Why am I fond of this particular law? To me, it illustrates both the elegance of mathematics and the orderliness of the universe. Chaos does not breed order (reference the law of entropy). Clearly (for me at least), this is the work of God's hands.

In our literature, Miss Priss is reading and loving Jack and Jill, by Louisa May Alcott, an AO free read for Year 6. I found a wonderful e-text on The Literature Network site, which is very easy to copy and paste in a word processing document. The ads do NOT copy! Miss Priss copied out a particularly lovely passage, which I thought I'd share with you:

So the fairy play woke the sleeping beauty that lies in all of us, and makes us lovely when we rouse it with a kiss of unselfish good-will, for, though the girls did not know it then, they had adorned themselves with pearls more precious than the waxen ones they decked their Princess in.

Tiny Girl is reading The Adventures of Tom Sawyer, by Mark Twain, and Lyddie, by Katherine Paterson. Both girls finished The Hobbit.

If you're interested in our complete plans for this school year, I wrote all about it in this post.

Last weekend, we enjoyed a sleepover at the Tennessee Aquarium with our Girl Scout troop (and three other troops in our service unit). It was a blast. We all enjoyed all the activities, especially the behind-the-scenes peeks. Our troop slept with the jellyfish watching over us.

 I'm writing a separate post about our visit to the aquarium. It's a great field trip idea if you live in the southeastern U.S.! I've visited several aquaria (!!) over the years, and this is one of my favorites for interest and diversity.

This week, we hit the jackpot with supper one night in an unexpected way. I'd purchased one of those bagged minestrone soup kits (I think it was Bear Creek?), and, while Tiny Girl and I were still at the barn, Himself threw it together. He thought it looked a bit sparse on the veggies, so he sliced up some carrots and added them in, along with more water than called for. He also added, per my instructions, some smoked pulled pork we had. Friends, it was too delicious for words. I'm so glad that soup weather is once more upon us!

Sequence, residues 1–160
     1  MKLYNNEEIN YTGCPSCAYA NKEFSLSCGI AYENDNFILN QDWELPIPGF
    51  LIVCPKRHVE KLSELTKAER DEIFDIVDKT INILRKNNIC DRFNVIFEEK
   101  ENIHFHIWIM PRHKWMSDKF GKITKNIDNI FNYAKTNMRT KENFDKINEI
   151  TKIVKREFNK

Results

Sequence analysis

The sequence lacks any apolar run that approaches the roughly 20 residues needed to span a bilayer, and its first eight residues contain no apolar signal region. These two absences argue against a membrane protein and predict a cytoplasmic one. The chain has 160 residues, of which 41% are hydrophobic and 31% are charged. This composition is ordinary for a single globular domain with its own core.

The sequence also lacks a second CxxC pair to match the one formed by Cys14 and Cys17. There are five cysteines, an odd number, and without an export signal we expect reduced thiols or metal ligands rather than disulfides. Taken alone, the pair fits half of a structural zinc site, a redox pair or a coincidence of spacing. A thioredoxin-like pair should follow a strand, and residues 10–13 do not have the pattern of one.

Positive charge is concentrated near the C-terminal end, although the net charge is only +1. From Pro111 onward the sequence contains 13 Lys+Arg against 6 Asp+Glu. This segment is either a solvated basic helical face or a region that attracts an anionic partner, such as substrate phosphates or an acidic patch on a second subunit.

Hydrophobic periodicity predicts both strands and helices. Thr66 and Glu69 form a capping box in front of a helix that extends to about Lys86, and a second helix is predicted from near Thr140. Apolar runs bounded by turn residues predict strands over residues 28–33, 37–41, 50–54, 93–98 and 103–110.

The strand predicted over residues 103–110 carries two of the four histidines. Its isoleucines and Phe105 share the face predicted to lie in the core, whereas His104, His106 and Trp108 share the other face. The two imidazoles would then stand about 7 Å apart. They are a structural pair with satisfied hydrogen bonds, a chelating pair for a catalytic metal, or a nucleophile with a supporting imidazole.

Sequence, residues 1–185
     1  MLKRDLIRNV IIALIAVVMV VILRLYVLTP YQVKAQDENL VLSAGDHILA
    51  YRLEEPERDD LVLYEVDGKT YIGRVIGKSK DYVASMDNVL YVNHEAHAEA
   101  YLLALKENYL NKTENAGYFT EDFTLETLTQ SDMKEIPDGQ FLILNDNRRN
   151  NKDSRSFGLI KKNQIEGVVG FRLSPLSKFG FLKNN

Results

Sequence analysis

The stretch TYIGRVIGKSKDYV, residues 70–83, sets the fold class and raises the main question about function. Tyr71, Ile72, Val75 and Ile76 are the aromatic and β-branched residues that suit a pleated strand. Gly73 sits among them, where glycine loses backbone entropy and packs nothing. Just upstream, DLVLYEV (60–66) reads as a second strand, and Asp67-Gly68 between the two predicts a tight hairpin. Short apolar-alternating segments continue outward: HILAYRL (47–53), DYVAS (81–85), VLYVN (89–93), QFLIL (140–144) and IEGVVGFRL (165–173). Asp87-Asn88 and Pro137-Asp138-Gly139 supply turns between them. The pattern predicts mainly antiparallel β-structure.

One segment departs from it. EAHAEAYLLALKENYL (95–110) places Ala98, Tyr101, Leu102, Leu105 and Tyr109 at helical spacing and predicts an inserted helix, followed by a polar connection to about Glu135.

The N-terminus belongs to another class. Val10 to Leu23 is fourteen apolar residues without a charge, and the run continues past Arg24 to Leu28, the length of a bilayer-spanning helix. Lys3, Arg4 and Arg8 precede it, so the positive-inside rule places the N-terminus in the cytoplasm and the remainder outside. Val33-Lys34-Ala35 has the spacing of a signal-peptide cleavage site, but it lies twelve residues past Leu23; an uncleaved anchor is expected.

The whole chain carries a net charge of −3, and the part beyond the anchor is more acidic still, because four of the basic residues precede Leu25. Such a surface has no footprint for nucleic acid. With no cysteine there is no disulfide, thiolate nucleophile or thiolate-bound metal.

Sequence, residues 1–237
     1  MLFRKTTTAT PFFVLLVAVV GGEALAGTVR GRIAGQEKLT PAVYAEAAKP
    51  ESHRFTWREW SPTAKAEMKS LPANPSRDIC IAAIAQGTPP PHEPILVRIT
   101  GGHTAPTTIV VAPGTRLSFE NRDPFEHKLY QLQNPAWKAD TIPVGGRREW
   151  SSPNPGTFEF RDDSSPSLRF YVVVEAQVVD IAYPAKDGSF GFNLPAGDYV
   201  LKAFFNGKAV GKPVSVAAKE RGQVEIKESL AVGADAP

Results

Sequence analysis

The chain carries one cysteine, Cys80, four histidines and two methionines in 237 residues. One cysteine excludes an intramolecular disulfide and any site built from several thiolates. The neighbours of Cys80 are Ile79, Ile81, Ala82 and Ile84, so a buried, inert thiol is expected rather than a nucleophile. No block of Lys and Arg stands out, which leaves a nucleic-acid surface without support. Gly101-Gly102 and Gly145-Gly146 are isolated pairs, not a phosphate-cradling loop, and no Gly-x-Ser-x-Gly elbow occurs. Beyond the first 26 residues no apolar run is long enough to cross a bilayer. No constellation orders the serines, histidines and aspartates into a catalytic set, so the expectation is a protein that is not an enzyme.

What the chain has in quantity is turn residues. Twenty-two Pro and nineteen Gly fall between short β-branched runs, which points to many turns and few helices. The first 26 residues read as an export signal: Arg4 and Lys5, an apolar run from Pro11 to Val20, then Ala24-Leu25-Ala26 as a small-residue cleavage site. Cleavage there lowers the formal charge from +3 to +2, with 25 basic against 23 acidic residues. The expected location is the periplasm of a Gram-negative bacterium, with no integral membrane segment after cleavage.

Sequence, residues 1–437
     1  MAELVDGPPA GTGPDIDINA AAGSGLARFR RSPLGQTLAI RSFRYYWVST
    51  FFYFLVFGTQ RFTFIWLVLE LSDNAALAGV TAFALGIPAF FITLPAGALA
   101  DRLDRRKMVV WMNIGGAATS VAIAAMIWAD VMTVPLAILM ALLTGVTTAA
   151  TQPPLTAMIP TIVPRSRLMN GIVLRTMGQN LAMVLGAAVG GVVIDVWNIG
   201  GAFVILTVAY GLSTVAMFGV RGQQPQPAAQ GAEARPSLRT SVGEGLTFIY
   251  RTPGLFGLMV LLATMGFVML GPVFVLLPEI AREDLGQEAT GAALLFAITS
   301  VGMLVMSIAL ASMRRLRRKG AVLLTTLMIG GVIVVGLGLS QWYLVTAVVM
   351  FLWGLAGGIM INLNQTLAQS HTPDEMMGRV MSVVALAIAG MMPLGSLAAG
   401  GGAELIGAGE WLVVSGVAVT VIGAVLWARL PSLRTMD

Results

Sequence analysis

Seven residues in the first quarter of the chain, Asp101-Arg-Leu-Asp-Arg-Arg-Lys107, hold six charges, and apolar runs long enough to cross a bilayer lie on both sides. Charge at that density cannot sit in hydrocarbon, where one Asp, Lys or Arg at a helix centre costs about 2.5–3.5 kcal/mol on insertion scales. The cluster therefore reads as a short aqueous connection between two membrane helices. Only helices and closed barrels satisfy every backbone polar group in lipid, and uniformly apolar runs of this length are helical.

Happy weekend!

I'm linking up with:
Weekly Wrap-Up @ Weird, Unsocialized Homeschoolers
Collage Friday @ HomeGrown Learners
Hammock Tracks
Hip Homeschool Hop
Friday Favorite Things @ Finding Joy
Favorite Resources @ Learning All the Time

* Quoted from the Johannes Kepler website,
** Quoted from the IYA2009 website

Wednesday, October 3, 2012

My (Dis)Organization System

My study, where all our school materials are kept, is a living example of the law of entropy in action.

I clean it out and reorganize everything about two times per year, but it's natural state of being is. . . well, messy. This does not mean I don't know where things are, in a general sort of way. In that stack are the books we're reading now. In that stack are ones to list on Amazon or Paperback Swap. And in that stack are books the girls have read but can't part with. Oh, and these books are ones to read later.

There are also craft supplies and art projects in various states of completion. And the girls' other stuff, too.

Why are these stacks all over the floor, you ask? Well, because the shelves are full. Duh.

And my desk. These are bills to pay. These are materials I'm reviewing for a curriculum website. These are two catalogs I must look over. Here are some printouts for the girls. And here's a menu from a restaurant I'm reviewing for TripAdvisor. And these brochures are for a future blog post. Then there are papers to file.

Notice I didn't mention the Oreos.

I can hear (some of) you now. Why doesn't my study (schoolroom, bookshelves, floor, et al) resemble those we see on other home ed bloggers' sites? Surely this is a a hazard to our home education lifestyle? Or perhaps even a character flaw? Believe me, I've wondered the same thing at one time or another.

So why the full disclosure?

Well, my guess is that there are quite a few of you out there who might also have a bit of clutter in your lives. And it might not be your preference, but in this season of your life, it's just the way it is.

I've decided to be okay with that. True, I'd prefer things to be tidier at home, but a rich life is my top priority. We are busy with educational pursuits, outside activities, church events, and other things. We read a lot. I write. As far as household management goes, we stay on top of laundry. Dishes are washed and put away. The family is well nourished. The bills get paid. Everything else gets done when we can do it.

We are blessed.